“You see, I’m JJ. I have my job and you don’t.”

JJ’s Job — Part 1

“Do you want JJ’s job?”

“Who?”

“JJ.”

“Abrams?”

“Do you know another JJ?”

“Technically, I don’t know JJ — “

“But I digress, I could have just as easily asked if you wanted Cameron’s Job or Jackson’s Job, Spielberg’s Job, Lassiter’s Job, Kinberg’s Job, Nolan’s Job, Whedon’s Job, Russo’s Job, Lord/Miller’s Job or even George’s job.”

This exchange is repeated on a daily basis, when some, unsuspecting writer sends a query or asks for help. Usually, I get either radio silence or a snarky reply about the need to find an Agent to help this (always) incredibly talented writer meet Mr. Abrams, thus launching her/his stellar career.

I’m busy but not so busy I can’t give back a little bit. That’s what it’s all about, right? Gaining knowledge through practice and skill in order to share it? My mentors are incredibly generous to me, offering both time and patience and it’s high time I start reciprocating.

High time. What does that even mean?

high time

noun
1. the appropriate time or past the appropriate time:
It’s high time he got out of bed.

Hmm. Now I know.

Anyway, back to JJ’s Job. JJ is, of course, JJ Abrams, an incredibly prolific writer/director/producer/creator/manager/showrunner. JJ can do it all. If he wanted to be an Agent, clients would sign with him. If he were in construction, people would have JJ build their house. This isn’t a blind love letter to JJ; this is a recognition that the entertainment business is changing. JJ is no longer the exception; he’s become the norm. I’ll go as far as to say, if you can’t do JJ’s job, they don’t need you.

Whoa?

Wait?

What?

If you can’t do what JJ can do, they need to move on, past you, and find someone who can.

Ok, that’s what I thought you said.

YOU get a movie, YOU get a movie, YOU get a movie…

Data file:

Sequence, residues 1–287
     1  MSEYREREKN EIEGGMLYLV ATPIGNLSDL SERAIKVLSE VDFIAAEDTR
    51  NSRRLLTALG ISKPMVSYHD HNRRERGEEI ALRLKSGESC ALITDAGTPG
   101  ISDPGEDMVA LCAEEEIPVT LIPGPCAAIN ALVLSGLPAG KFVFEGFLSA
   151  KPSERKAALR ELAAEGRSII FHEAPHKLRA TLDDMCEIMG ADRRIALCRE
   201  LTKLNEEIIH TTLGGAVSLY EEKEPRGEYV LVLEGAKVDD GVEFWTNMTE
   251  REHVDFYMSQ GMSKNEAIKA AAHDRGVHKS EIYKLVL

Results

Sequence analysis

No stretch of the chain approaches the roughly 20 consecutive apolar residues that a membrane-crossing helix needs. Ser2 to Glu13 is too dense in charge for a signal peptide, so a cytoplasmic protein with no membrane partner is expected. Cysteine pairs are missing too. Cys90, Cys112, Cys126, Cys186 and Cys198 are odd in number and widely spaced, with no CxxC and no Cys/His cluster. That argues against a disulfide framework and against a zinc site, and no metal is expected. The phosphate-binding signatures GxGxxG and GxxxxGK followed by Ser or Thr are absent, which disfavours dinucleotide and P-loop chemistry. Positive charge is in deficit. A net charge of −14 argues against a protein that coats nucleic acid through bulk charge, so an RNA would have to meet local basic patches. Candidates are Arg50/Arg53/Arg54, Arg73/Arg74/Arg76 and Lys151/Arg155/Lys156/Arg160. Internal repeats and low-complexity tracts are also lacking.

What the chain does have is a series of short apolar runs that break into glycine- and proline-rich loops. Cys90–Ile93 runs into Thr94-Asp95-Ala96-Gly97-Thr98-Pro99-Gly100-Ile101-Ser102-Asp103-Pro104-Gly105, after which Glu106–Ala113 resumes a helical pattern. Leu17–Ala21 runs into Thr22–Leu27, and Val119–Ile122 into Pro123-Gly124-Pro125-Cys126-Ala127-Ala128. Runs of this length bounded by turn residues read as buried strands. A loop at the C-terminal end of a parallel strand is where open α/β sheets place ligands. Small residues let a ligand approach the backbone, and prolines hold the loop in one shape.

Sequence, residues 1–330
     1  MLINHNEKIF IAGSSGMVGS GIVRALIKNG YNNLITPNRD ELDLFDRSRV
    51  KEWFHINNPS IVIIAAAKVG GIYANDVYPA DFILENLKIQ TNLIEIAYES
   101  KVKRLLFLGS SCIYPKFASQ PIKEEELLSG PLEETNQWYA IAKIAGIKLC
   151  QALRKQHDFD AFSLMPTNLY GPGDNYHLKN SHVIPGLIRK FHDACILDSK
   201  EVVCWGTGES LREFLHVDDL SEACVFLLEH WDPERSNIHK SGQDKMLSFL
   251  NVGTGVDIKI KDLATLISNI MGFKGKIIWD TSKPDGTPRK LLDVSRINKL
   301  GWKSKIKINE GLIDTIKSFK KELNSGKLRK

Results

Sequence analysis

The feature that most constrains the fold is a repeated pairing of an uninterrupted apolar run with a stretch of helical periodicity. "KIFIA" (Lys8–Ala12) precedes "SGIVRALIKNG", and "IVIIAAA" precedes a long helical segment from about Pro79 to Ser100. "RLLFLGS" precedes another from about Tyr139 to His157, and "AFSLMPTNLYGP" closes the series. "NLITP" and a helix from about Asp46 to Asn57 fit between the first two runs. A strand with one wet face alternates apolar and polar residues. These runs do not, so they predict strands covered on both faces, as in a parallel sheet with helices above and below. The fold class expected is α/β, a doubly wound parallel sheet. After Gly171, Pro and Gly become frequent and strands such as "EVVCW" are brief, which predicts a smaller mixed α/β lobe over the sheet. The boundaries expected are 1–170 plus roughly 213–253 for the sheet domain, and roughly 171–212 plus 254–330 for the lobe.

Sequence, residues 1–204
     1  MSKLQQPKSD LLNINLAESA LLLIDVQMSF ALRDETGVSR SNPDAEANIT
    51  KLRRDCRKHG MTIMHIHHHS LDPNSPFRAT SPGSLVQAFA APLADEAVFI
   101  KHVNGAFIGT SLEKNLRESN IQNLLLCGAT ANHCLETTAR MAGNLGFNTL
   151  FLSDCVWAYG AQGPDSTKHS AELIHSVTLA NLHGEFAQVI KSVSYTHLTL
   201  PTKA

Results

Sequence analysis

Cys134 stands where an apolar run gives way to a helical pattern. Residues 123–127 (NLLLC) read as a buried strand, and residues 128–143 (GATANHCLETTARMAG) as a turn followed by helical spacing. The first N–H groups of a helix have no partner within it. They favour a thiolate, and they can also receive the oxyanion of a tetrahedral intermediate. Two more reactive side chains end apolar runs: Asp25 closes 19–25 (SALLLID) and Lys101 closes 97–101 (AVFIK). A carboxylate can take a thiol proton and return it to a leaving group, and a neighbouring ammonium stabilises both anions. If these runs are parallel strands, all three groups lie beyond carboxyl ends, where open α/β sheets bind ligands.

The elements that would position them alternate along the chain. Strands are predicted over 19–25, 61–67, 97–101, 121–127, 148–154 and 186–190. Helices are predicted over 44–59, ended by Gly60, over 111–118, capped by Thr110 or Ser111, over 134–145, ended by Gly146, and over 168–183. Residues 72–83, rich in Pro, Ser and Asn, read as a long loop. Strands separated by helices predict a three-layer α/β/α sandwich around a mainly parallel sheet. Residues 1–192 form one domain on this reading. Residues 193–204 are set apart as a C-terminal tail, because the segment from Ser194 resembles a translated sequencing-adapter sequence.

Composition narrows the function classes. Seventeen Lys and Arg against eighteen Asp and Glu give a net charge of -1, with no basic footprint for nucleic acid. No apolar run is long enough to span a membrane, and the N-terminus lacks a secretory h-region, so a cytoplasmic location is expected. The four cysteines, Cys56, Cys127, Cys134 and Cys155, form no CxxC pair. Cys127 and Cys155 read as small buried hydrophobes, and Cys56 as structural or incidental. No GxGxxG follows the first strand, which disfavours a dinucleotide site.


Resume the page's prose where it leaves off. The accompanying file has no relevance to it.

Yeah, it’s like that. See, it used to be different. There used to be like a stadium full of chairs and when the music stopped, not only did everybody get one, there were like, dozens left over. Hollywood musical chairs suddenly changed location. Did you get an evite? Did someone tweet the new spot? What? No?

High level problem solvers only please.

That’s because it’s a tiny party with no chairs and no time for music. Now, it’s just a small room, filled with those multi-hyphenates who bring their crew to do a job nobody else can do.

Shit, that’s just The Fast and The Furious, you just pitched me Fast Five. Yes, yes I did. The only chairs left. Dom Toretto and his team or Tony Stark, dragged from the lab, teaming with The Avengers to save the world.

You scurred?

There was a time, not long ago when a writer could be okay. He/she could have a few good ideas, maybe execute a good spec script and voila, a career is born. Those days are changing, shifting, morphing into every writer becoming one of the X-Men and teaming up to solve billion dollar, ten year development and execution strategies.

Indie movies rock. I love them. I pay money, hard earned American dollars, to see them in theaters. I pay for them online too. This isn’t about making a career as an indie filmmaker. You wanna do that, it’s easy, make indie film after indie film till you win Sundance, Toronto or Cannes and they’ll line to call you the next JJ.

I will take you anywhere you want to go but I work alone.

No. This is about mastery. Look, lets not debate whether George Lucas or JJ Abrams or Peter Jackson is a master. They all have one thing in common we don’t have. They’re masters of their own careers and we aren’t — so shut up.

Focus. Do you want JJ’s Job?

By Christopher Pratt — Hollywood chair folder/sometimes manager/sometimes @futurePratt.

Stay tuned for JJ’s Job — Part Two.

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